Cliché as it may be, we do live in an era where the answer to any question can be uncovered in a matter of seconds, where we are taught far more to unravel than admire. It is on this premise that Egregore, the brainchild of student writer Alicia Schultz finds its highest level of poignancy in its strikingly modern audience. The director’s note on my program more or less set the tone for what the production was trying to achieve, that it was being put on “because it’s a good story” which, for the most part, it was. Though the dialogue in the first few scenes came off as slightly stilted, the play was centred around a dying carnival troupe held together by a reluctant hypnotist and an ethereal, mysterious woman.
The set made for a striking spectacle in its own right; the intimate nature of the Barron lent itself well to the minimalist look. The high cloth arches of a somewhat medieval gazebo provided bolts of bright red that seemed out of place in the Barron, highlighting a contrast that would permeate the entire production: something was out of place. Though occasionally the running crew responsible for making scenic changes was a bit loud and seemed off-cue, overall scene changes were handled smoothly by the actors and lighting team, though the noise did create a disconnection between audience and cast.
As in many productions with small casts, oftentimes the smaller parts were vibrant enough to somewhat overshadow, and occasionally distract from, the overall storyline of the play. Phoebe Soulon left a memorable impression on the audience no matter where she was positioned onstage, never once breaking her character of a Texan woman gone rogue. Equally, the singing and dancing talents of Scott Wilson were a pleasant surprise in the show’s few musical interludes.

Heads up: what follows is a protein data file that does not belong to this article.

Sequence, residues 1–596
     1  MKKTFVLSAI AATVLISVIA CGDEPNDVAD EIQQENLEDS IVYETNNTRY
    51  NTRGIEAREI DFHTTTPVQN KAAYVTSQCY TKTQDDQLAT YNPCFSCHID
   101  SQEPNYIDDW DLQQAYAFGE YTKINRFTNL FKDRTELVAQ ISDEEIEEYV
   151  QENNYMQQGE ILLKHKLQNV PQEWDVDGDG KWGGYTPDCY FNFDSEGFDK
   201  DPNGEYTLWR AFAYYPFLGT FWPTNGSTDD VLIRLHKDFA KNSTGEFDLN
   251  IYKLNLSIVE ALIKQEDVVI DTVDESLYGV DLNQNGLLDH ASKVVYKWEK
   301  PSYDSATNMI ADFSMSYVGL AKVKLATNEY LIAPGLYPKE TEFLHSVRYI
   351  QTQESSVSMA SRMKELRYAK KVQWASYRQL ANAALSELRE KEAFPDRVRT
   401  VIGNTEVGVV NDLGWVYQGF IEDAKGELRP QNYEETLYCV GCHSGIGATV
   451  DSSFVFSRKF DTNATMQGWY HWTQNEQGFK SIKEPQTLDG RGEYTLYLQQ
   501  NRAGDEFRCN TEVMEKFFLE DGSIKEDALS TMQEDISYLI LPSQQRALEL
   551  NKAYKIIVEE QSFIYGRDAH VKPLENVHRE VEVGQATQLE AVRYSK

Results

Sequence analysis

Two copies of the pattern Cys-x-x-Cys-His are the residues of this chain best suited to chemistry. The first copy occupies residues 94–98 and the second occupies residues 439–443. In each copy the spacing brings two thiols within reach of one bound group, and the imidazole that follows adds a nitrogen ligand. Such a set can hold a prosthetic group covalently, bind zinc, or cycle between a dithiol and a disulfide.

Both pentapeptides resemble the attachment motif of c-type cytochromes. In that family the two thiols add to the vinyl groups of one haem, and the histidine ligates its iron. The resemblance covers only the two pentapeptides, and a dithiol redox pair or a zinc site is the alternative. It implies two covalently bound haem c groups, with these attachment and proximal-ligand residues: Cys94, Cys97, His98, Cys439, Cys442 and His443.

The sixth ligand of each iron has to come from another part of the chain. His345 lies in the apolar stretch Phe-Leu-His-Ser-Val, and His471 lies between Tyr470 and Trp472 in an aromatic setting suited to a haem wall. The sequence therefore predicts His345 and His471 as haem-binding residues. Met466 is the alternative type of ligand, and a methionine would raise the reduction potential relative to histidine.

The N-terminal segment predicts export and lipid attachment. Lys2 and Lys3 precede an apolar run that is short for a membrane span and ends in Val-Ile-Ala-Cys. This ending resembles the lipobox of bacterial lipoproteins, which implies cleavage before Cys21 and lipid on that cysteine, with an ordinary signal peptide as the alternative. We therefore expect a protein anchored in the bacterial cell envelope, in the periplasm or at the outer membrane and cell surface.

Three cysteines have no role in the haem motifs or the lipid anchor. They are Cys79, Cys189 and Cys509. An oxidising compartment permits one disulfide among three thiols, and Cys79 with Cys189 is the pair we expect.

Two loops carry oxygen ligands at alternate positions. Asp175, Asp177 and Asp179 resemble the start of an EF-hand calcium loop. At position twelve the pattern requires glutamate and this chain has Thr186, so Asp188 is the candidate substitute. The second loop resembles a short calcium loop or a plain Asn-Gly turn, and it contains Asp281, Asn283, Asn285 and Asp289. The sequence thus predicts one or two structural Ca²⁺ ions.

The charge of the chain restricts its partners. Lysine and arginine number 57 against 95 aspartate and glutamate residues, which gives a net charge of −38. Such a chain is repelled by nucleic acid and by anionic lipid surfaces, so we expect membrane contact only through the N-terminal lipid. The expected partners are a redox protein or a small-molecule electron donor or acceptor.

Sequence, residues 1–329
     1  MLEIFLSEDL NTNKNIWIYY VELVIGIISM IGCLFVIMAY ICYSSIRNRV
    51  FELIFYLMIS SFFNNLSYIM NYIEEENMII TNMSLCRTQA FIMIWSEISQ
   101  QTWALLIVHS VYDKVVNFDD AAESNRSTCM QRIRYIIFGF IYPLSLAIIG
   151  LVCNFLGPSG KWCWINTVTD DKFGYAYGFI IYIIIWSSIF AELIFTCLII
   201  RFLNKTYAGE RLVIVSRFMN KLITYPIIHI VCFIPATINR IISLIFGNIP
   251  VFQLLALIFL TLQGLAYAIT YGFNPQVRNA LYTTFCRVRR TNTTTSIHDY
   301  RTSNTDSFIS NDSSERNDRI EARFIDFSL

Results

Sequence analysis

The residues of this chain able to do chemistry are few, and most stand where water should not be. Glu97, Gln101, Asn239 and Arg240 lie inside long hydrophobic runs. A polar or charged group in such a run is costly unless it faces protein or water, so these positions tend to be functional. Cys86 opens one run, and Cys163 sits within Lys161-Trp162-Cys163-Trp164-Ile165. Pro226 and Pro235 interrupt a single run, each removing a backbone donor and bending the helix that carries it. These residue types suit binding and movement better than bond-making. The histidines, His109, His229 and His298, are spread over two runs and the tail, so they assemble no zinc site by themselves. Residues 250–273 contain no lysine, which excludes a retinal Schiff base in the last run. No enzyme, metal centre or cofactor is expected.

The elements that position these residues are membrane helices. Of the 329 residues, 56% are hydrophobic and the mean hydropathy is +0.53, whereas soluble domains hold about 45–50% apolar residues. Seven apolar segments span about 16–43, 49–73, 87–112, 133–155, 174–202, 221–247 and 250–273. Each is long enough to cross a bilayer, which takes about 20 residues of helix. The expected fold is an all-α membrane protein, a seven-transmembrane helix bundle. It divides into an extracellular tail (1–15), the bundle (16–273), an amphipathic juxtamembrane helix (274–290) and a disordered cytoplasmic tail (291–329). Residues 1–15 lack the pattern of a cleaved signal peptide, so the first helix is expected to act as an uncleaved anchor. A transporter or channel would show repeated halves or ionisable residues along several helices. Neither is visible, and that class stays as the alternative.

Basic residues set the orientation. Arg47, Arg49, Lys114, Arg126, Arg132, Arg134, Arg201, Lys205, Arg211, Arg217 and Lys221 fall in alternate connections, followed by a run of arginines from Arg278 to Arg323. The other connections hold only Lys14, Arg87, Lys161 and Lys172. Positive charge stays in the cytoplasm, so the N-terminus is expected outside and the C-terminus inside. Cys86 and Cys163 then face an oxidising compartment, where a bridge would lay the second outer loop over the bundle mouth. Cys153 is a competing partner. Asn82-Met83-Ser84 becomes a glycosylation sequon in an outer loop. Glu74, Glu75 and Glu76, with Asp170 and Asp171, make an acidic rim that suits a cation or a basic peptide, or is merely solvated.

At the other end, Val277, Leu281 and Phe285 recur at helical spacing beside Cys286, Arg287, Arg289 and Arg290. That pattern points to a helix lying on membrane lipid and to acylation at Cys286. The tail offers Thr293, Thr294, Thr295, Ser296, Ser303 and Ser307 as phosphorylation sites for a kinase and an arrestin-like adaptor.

Though Sarah Pollock made a striking presence on stage as the inexplicable Evie, it seemed sometimes that the archaic diction required of her character was slightly lost in transition from the old to the new, though this ultimately did not detract from her believability as a femme fatale in her own right.
Bragging rights go to Stephen Quinn in the lead role as Roderick, who delivered the most well-written comedic monologue that left the audience breathless with laughter. Quinn’s impeccable comedic timing and acting style contributed to this part being a highlight talked about through the audience well after the play had ended.
Ultimately the play offered a mesmerizing concept that was often individually well executed, and likely will develop as a unit, or rather, collective mind, now that the jitters and stigma of opening night have passed, smoothing over a few smaller issues to create a spectacle of the mind and the eye. Though it is not and (neither did it claim to be) high art, the play’s interesting, subversive nature is reason enough to see it, not to mention a talented cast and passionate team.